ARPA requires employers, insurers and plans to pay 100% of the required premium for continuation coverage during a subsidy period extending from April 1, 2021 through September 30, 2021 on behalf of "Assistance Eligible Individuals". Such premium expenses are reimbursed by the federal government through refundable FICA tax credits. We previously summarized the COBRA premium assistance under ARPA in a blog post, available by clicking here.

On April 7, 2021, the DOL provided guidance in the form of FAQs published on a dedicated COBRA premium assistance website, which also includes the following model notices:

  • A model ARPA general notice and COBRA election notice
  • A model COBRA continuation coverage notice and election form for second election opportunity
  • A model alternative notice for use with insured coverage subject to state "mini-COBRA" requirements
  • A model notice of expiration of the COBRA premium assistance for plans to notify Assistance Eligible Individuals 15-45 days before expiration of their COBRA premium assistance
  • A summary of the COBRA premium assistance provisions

The DOL will consider use of the model notices to be good faith compliance with the COBRA and ARPA notice obligations.

The IRS subsequently issued Notice 2021-31 on May 18, 2021, providing its own guidance on COBRA premium assistance in a Q&A format. Key points for employers from the DOL and IRS guidance are summarized below.

Assistance Eligible Individual (AEI)

  • An Assistance Eligible Individual (or AEI) is an individual who (1) is a qualified beneficiary who is eligible for COBRA continuation coverage during all or part of the subsidy period by reason of an involuntary termination of employment or reduction in hours and (2) elects COBRA continuation coverage.
    • An AEI includes a qualified beneficiary whose continuation coverage extends into the subsidy period as the result of the extension of the usual maximum COBRA continuation period due to a disability determination or second qualifying event; provided the original qualifying event was a reduction in hours or an involuntary termination of employment.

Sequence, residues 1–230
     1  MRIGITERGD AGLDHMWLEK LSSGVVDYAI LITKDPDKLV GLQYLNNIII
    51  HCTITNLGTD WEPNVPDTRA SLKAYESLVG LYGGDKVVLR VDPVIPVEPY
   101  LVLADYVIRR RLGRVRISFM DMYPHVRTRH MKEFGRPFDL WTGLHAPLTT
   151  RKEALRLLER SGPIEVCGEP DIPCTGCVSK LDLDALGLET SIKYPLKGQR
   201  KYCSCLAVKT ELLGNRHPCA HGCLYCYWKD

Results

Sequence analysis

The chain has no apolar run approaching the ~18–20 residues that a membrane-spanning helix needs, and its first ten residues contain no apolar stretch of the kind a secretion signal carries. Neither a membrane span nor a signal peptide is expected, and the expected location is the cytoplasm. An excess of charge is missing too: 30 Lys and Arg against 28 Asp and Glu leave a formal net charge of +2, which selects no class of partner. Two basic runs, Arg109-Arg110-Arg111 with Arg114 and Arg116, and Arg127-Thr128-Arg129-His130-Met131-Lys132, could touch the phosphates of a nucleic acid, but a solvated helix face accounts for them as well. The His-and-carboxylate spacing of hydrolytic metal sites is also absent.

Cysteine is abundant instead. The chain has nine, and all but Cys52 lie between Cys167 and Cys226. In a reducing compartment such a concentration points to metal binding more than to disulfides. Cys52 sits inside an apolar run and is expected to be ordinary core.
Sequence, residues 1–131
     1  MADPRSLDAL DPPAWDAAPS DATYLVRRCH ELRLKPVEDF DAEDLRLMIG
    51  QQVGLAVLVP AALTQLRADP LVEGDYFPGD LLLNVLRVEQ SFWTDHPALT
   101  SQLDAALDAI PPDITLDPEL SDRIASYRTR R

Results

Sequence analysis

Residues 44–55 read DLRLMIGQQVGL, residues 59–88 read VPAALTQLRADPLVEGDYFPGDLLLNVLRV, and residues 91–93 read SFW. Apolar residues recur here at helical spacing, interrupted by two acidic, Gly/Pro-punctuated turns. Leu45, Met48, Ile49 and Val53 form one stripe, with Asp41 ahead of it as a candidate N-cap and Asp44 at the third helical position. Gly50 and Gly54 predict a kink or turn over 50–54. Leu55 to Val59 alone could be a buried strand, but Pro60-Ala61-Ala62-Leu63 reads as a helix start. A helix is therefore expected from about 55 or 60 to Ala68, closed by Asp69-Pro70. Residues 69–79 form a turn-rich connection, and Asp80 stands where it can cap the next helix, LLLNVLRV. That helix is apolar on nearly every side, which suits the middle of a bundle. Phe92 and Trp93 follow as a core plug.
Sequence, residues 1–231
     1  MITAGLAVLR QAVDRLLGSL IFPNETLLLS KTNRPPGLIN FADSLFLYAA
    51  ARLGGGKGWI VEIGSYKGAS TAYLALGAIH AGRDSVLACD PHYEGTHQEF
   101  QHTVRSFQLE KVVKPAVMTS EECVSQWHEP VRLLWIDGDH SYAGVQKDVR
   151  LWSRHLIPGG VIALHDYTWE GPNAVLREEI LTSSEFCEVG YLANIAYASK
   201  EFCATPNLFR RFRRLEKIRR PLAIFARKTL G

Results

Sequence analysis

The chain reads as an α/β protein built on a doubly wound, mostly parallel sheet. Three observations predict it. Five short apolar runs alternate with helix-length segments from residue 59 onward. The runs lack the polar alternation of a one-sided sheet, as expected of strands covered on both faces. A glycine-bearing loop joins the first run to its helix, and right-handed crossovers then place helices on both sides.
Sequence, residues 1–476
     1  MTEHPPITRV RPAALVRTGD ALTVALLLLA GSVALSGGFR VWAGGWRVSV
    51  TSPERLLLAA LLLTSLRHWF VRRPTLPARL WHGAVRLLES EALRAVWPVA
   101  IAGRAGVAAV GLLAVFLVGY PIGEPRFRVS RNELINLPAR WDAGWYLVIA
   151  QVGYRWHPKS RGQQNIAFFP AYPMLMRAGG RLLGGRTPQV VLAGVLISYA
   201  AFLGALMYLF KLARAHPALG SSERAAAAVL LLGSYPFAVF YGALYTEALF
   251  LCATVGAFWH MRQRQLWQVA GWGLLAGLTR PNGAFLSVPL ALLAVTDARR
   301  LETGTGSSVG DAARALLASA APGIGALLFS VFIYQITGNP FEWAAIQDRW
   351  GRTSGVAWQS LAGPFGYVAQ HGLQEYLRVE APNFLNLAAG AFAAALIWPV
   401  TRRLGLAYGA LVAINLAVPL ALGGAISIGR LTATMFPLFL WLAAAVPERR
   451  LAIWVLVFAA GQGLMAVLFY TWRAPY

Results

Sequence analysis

• Only a termination of employment that is involuntary can qualify an individual for premium assistance but a reduction in hours can be voluntary or involuntary. For example, a reduction in hours due to a change in the company's hours of operation, transferring from a full-time position to a part-time position, a temporary leave of absence, and participation in a lawful labor strike all count as a qualifying reduction in hours.
    • Involuntary termination for gross misconduct does not qualify for the COBRA premium assistance.
    • Since only qualified beneficiaries can be AEIs, a spouse, or dependent child who subsequently is enrolled in plan coverage by a qualified beneficiary during an annual enrollment period occurring after the COBRA qualifying event and domestic partners do not qualify for premium assistance.
  • An AEI will not qualify for premium assistance if eligible for other group health coverage, such as through a new employer's plan, a spouse's plan, or Medicare. However, individuals with individual health insurance coverage or Medicaid are permitted to switch to COBRA coverage and apply for the premium assistance.
    • An individual is considered "eligible" for other health coverage or Medicare only if he or she can enroll in such coverage. For example, an AEI who was eligible for other group health plan coverage or Medicare at the time he or she lost coverage due to a reduction in hours or involuntary termination but did not enroll remains eligible for premium assistance if he or she is unable to enroll in that other coverage (e.g., applicable enrollment period has expired).
    • An offer of retiree coverage under the same group health plan will not adversely impact the AEI's eligibility for COBRA premium assistance
  • individuals to provide a self-certification or attestation regarding their eligibility status with respect to a reduction in hours or involuntary termination of employment and/or their eligibility for disqualifying health plan coverage or Medicare. Employers can rely on the self-certification or attestation for purposes of substantiating eligibility for the credit, unless the employee has actual knowledge that the attestation is incorrect.
  • An individual can qualify as an AEI more than once.

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